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Increasing Good Cholesterol

Also called: Increasing HDL Cholesterol

- Summary
- Fats that increase HDL
- Impact of triglycerides
- Impact of phytosterols
- Other strategies
- Questions for your doctor

Reviewed By:
Kerry Prewitt, M.D., FACC
Robert I. Hamby, M.D., FACC, FACP


Research has consistently shown that adequate HDL (“good”) cholesterol levels have a protective effect on people’s cardiovascular health. High HDL cholesterol levels are good because HDL has been shown to reverse some of the harmful effects of LDL (“bad”) cholesterol. Therefore, the more bad cholesterol a person has, the more HDL cholesterol is needed.

Research has not determined the necessary clinical HDL target levels to reduce the risk of High cholesterol (hyperlipidemia) involves elevated blood cholesterol and/or triglyceride levels.heart attack and heart disease. There is a broad consensus, however, that higher HDLs are cardioprotective. The National Heart, Lung and Blood Institute considers HDL cholesterol levels of below 40 milligrams/deciliter (mg/dL) to be a risk factor for heart disease. Thus, people are frequently advised to keep HDL levels above 40 md/gL.

HDL levels above 60 mg/dL are considered a "negative risk factor" and will reduce the 10-year risk of suffering a heart attack, according to the coronary risk score designed by the Framingham Heart Study.

HDL levels are also used to help diagnose metabolic syndrome, a cluster of risk factors that is known to increase risk of heart attack. For a diagnosis of metabolic syndrome, men need to have HDLs less than 40 mg/dL, and women need to have HDLs less than 50 mg/dL, along with the presence of other risk factors including obesity, elevated triglycerides, insulin resistance and high blood pressure.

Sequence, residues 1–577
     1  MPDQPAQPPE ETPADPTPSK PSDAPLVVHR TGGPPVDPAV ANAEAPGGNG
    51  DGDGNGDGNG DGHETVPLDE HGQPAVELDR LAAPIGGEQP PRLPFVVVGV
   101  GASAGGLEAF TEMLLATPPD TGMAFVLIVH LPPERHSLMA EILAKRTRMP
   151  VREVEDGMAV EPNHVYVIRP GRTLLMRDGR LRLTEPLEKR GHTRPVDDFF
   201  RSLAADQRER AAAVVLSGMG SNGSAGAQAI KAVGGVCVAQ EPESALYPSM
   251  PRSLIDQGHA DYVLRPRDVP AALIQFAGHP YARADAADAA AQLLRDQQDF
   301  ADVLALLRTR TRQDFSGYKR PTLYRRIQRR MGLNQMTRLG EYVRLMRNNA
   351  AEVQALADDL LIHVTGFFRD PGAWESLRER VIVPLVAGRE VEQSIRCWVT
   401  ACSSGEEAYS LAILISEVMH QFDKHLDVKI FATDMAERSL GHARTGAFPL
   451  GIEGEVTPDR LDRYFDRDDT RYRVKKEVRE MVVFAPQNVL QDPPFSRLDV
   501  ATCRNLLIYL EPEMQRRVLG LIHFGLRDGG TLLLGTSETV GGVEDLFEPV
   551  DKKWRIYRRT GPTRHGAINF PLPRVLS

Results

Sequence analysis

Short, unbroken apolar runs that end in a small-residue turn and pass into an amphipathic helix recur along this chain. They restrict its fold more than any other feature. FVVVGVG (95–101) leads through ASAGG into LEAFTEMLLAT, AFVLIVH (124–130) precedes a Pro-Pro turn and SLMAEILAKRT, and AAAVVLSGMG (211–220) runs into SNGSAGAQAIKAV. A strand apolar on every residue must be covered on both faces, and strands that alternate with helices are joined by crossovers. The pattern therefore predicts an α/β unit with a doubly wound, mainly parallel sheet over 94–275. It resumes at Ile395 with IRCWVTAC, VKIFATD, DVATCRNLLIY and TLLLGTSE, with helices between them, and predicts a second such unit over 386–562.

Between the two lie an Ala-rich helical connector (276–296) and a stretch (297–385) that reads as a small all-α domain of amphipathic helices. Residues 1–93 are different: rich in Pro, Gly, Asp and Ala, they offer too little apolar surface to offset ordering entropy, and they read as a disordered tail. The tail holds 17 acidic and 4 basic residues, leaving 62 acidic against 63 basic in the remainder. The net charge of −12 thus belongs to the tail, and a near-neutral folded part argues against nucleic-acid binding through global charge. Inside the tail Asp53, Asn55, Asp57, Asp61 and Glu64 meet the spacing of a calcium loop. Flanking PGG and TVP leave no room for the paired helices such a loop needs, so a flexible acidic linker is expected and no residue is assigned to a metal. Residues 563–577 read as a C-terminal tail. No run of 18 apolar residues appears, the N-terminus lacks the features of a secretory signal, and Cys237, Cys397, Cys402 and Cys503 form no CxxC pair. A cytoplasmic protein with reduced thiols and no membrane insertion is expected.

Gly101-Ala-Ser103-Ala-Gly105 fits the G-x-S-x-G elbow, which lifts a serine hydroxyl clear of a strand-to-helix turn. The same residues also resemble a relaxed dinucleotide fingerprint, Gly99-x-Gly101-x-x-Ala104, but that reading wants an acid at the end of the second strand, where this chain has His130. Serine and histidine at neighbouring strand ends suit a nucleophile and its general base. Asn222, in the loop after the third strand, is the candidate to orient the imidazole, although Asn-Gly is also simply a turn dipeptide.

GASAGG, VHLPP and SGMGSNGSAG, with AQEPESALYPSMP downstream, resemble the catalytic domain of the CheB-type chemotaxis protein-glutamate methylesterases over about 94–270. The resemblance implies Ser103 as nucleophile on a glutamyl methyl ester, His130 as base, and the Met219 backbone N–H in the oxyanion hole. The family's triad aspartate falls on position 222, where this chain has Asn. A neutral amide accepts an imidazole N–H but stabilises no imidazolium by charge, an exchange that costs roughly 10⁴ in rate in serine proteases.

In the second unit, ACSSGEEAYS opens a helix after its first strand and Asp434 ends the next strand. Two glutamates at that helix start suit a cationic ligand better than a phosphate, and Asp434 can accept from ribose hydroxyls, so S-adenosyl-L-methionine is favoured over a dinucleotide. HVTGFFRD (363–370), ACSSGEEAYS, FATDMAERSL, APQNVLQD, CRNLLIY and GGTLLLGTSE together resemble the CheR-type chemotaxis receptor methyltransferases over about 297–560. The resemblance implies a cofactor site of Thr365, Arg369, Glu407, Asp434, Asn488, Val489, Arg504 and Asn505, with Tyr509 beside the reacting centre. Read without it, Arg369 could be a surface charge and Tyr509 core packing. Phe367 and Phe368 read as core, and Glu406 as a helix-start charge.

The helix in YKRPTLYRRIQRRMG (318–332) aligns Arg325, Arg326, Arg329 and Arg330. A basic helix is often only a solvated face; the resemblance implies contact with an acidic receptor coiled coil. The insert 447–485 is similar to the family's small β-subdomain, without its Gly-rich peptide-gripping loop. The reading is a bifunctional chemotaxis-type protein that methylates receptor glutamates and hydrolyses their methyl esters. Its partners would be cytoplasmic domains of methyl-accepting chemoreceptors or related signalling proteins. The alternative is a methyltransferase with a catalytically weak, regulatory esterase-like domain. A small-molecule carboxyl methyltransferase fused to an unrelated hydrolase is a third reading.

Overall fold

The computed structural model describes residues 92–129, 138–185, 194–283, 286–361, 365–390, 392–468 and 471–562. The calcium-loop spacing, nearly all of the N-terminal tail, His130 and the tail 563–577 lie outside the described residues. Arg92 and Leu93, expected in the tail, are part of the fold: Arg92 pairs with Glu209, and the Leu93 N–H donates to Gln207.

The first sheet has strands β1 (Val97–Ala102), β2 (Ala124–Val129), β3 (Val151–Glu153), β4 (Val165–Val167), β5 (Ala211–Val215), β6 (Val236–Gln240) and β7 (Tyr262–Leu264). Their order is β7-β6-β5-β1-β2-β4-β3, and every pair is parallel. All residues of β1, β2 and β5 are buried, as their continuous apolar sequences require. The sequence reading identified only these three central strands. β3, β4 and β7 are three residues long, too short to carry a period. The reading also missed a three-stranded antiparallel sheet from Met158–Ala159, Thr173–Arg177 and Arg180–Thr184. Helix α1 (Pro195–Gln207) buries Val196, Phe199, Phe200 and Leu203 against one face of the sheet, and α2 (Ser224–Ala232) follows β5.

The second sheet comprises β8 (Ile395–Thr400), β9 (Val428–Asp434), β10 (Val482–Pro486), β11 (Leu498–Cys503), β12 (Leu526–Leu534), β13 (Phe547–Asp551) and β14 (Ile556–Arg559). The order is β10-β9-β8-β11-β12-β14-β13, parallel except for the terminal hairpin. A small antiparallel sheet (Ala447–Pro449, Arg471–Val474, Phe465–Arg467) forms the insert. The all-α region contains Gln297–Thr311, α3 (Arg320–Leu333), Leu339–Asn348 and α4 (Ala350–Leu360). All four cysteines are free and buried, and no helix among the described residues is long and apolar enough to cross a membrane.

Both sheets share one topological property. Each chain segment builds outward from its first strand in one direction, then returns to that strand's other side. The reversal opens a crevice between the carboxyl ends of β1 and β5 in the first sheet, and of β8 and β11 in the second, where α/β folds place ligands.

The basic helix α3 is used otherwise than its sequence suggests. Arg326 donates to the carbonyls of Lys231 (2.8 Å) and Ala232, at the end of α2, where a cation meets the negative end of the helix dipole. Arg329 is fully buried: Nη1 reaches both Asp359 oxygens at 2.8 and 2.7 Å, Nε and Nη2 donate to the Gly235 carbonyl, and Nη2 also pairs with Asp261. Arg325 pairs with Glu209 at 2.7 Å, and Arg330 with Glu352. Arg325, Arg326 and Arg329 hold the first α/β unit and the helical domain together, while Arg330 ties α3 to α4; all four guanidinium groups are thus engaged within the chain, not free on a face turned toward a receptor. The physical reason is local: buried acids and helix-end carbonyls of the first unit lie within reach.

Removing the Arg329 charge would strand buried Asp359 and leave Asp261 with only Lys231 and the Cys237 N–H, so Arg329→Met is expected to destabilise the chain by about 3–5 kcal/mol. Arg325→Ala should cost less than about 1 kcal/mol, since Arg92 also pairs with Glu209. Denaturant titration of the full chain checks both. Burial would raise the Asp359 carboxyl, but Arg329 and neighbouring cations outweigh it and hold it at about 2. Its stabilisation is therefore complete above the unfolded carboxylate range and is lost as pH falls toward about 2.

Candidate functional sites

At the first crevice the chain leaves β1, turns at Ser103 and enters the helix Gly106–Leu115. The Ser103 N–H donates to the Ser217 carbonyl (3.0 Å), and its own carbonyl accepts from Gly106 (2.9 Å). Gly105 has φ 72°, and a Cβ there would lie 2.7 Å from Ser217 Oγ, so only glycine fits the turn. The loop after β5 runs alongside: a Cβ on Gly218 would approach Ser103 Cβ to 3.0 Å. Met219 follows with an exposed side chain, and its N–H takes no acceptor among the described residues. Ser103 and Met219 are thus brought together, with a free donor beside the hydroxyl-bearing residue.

In light of research showing that women are at increased risk of heart attackStroke occurs when blood flow to the brain is restricted (e.g., by a blood clot), causing damage. after menopause, the American Heart Association encourages women to keep their HDL cholesterol level at 50 mg/dL or higher. Studies have shown that healthy HDL levels in the elderly can help preserve function of brain cells and protect against mental decline and low HDLs are linked with a higher risk of death from coronary artery disease and stroke. 

There are a number of strategies for increasing the level of HDL cholesterol and taking full advantage of its protective effect.

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Review Date: 03-20-2007

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